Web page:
History of Murano Glass
(research by Marilena Calcara)
I / The oldest map of Murano is in the bird’s eye view made by Jacopo de’ Barbari in 1500.
Glass art is steeped in old tradition, it is said that it was discovered by the Egyptians and, as Plinio il Vecchio said in “Naturalis Historia”, it was born like a guess. Documentation certifies both the presence of the glass itself and glass art that were found in the Mediterranean basin about 1500 B.C. Until the 1st century B.C., glass was cast on moulds and the majority of production was constituted by small bottles and jars for cosmetic items. The technique of glass blowing was the most important innovation in glass history. Invented in the Syrian-Palestinian area about 50 B.C, it spread throughout the entire Roman Empire. Probably glass art spread to Venice from Rome. This supposition is supported from finding some remains such as “murrina”, bracelets and pearls on the Adriatic coast, from Adria to Aquileia, down as far as Venice. Anyway, the most active glassmaking centres of the Roman world was in Egypt and Syria. The production continued in these places also when the Islamic empire was formed (632-750). The diffusion of glass in Venice is testified in a document of 982, where it is said that glass manufacture began in one of the monasteries situated in the Lagoon. In this document the name of a certain Domenico can be found; the first known glassmaker of Venice. The document is particularly interesting as it confirms to us that glass art has been practised in Venice since the tenth century.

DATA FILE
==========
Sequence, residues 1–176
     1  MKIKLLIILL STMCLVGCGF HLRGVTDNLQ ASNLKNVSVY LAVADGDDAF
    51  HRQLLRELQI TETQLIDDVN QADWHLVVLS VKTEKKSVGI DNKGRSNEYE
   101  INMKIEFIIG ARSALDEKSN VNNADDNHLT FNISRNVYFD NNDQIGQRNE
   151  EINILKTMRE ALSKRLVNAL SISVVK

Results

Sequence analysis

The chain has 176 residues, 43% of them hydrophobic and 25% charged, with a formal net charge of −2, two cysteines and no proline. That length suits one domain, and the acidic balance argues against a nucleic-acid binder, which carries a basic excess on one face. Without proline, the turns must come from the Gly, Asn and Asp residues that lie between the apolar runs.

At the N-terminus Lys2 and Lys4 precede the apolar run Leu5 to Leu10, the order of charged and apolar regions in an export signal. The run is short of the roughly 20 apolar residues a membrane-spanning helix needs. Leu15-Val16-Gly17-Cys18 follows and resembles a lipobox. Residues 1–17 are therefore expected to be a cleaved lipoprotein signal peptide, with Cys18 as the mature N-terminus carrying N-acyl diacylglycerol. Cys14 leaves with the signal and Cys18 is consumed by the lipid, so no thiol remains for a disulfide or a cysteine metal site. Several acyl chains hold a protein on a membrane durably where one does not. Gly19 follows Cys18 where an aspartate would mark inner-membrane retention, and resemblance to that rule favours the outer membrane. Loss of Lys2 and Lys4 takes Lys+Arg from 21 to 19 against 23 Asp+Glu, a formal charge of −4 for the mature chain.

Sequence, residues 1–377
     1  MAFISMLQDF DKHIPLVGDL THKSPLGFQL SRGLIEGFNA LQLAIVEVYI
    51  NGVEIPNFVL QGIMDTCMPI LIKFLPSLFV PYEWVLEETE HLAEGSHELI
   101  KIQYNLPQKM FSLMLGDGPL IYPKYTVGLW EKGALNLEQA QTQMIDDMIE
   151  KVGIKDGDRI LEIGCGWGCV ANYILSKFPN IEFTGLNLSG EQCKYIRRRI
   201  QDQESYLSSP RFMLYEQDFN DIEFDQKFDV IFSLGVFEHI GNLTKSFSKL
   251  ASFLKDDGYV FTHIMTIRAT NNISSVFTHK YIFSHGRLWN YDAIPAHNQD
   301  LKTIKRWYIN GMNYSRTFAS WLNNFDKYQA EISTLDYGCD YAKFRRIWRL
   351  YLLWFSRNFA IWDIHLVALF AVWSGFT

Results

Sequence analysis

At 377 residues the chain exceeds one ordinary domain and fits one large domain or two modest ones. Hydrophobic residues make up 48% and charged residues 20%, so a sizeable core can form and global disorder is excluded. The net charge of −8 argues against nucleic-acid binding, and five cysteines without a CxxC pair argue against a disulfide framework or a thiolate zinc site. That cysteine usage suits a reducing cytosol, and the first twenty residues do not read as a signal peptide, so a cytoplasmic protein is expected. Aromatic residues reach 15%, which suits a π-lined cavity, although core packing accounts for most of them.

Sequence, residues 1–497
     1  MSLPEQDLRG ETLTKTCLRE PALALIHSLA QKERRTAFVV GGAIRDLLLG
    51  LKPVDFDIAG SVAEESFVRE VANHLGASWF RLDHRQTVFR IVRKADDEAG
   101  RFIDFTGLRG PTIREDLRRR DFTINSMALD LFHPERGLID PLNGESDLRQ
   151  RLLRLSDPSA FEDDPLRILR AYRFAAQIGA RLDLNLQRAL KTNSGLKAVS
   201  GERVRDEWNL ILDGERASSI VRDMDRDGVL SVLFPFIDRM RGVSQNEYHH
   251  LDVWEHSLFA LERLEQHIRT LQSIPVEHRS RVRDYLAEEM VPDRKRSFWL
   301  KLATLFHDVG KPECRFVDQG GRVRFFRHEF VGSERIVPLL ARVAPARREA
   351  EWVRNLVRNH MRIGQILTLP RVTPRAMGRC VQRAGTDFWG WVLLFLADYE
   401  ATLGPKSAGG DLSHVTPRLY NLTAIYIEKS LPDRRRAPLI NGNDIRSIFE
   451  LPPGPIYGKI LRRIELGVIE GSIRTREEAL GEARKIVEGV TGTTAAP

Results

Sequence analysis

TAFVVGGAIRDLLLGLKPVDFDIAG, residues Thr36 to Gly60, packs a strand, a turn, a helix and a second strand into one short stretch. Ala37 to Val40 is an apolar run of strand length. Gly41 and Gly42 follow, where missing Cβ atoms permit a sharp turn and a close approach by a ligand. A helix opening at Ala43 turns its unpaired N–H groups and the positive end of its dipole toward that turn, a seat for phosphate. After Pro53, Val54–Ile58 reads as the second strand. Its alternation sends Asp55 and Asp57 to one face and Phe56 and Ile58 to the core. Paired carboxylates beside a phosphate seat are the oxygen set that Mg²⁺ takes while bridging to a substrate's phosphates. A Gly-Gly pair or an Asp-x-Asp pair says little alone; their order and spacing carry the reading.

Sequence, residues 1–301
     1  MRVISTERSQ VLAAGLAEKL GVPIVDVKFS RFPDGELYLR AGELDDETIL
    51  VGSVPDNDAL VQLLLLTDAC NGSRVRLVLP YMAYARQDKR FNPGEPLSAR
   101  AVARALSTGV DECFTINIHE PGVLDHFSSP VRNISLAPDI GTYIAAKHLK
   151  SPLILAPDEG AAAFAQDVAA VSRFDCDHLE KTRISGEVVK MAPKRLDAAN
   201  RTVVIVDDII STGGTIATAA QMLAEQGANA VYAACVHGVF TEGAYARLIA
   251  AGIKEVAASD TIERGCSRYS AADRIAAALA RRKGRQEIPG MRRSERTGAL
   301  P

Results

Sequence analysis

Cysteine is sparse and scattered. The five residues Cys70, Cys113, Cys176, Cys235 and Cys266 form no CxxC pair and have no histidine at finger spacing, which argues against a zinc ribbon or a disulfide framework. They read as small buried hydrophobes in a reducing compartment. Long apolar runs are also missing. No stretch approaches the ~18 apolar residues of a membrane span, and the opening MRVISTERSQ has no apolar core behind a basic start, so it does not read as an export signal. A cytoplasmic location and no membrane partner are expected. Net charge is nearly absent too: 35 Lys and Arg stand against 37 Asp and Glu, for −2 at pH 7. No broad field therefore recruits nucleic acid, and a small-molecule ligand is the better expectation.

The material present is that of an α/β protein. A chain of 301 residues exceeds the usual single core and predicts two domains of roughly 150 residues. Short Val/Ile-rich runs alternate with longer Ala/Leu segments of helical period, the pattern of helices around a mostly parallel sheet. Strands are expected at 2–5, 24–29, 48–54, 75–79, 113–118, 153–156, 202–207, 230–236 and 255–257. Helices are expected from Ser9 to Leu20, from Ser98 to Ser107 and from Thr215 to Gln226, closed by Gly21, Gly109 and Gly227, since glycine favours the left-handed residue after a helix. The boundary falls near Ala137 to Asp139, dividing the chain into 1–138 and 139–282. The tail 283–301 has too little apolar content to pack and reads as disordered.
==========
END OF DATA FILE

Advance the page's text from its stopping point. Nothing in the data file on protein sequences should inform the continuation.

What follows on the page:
In 1291 the foundries were moved to Murano, an island of the Lagoon. The fear of fire was the reason for moving as Venetian buildings were almost totally wooden, however, there was also a politcal reason. Glass art was secret and although glassmakers had many privileges they were banned from leaving the Lagoon. For as long as they remained on the island of Murano, their movements became more controllable. The first of Murano’s foundries was built in “Rio dei Vetrai” (“Glassmakers Creek”), where the oldest workshop still remains. In 1450 there was a big increase in production, this was due to Angelo Barovier, descendant of a family of Murano’s glassmakers. Ballarin was another family of notorious glassmakers. Giorgio Ballarin opened glassware works since he had stolen the technique instructions and he became rich and famous.
II / old map of Venice and Murano island, Italy
In the 15th century Murano’s production focussed on the production of blown glass, but the glassmakers also started to imitate precious stones, such as: sapphire, emerald and amethyst. Murano’s glass diffusion increased both in the East and in the West, it became much appreciated. In 16th century Murano’s glass achieved its higher glory. The Venetian Republic established art awards for the glassmakers that introduced new techniques in glasswork and preserved and defended the inventions of that age, like that one of “filigree at ritortoli” (with twisted wires in the pattern) or the one of “filigree at reticello” (with a grid pattern). The autorities tried to restrict the glassmakers emigration with the “Gold Book”, edited in 1605, where the names of the “Wonderful Murano’s Community” were written. From then, they were considered the noble glassmakers of the island.